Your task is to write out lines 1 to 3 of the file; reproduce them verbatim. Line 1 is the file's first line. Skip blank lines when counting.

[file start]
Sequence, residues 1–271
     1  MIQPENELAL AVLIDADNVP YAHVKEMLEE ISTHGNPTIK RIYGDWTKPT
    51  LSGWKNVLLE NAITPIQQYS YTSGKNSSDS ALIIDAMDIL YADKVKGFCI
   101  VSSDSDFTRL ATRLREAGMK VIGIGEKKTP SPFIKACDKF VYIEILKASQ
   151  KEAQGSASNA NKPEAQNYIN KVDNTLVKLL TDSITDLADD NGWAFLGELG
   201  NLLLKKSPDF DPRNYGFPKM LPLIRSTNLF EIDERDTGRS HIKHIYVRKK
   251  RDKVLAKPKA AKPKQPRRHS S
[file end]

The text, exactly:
Sequence, residues 1–271
     1  MIQPENELAL AVLIDADNVP YAHVKEMLEE ISTHGNPTIK RIYGDWTKPT
    51  LSGWKNVLLE NAITPIQQYS YTSGKNSSDS ALIIDAMDIL YADKVKGFCI